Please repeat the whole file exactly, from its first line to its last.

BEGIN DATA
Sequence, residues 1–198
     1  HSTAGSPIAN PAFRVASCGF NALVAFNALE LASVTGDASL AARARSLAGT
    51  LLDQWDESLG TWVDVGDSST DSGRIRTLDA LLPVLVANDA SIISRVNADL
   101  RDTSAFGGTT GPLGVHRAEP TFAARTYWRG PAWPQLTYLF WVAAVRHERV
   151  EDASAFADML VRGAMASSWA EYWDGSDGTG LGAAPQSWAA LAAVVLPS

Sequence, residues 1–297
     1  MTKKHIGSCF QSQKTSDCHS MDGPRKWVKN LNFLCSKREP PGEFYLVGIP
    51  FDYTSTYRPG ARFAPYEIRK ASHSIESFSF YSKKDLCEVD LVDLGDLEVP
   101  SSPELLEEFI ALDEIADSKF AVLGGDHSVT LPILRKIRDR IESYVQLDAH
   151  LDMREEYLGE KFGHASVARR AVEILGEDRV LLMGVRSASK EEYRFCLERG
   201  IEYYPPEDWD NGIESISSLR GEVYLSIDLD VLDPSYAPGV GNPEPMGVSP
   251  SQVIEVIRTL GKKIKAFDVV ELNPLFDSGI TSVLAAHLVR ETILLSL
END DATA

Sequence, residues 1–198
     1  HSTAGSPIAN PAFRVASCGF NALVAFNALE LASVTGDASL AARARSLAGT
    51  LLDQWDESLG TWVDVGDSST DSGRIRTLDA LLPVLVANDA SIISRVNADL
   101  RDTSAFGGTT GPLGVHRAEP TFAARTYWRG PAWPQLTYLF WVAAVRHERV
   151  EDASAFADML VRGAMASSWA EYWDGSDGTG LGAAPQSWAA LAAVVLPS

Sequence, residues 1–297
     1  MTKKHIGSCF QSQKTSDCHS MDGPRKWVKN LNFLCSKREP PGEFYLVGIP
    51  FDYTSTYRPG ARFAPYEIRK ASHSIESFSF YSKKDLCEVD LVDLGDLEVP
   101  SSPELLEEFI ALDEIADSKF AVLGGDHSVT LPILRKIRDR IESYVQLDAH
   151  LDMREEYLGE KFGHASVARR AVEILGEDRV LLMGVRSASK EEYRFCLERG
   201  IEYYPPEDWD NGIESISSLR GEVYLSIDLD VLDPSYAPGV GNPEPMGVSP
   251  SQVIEVIRTL GKKIKAFDVV ELNPLFDSGI TSVLAAHLVR ETILLSL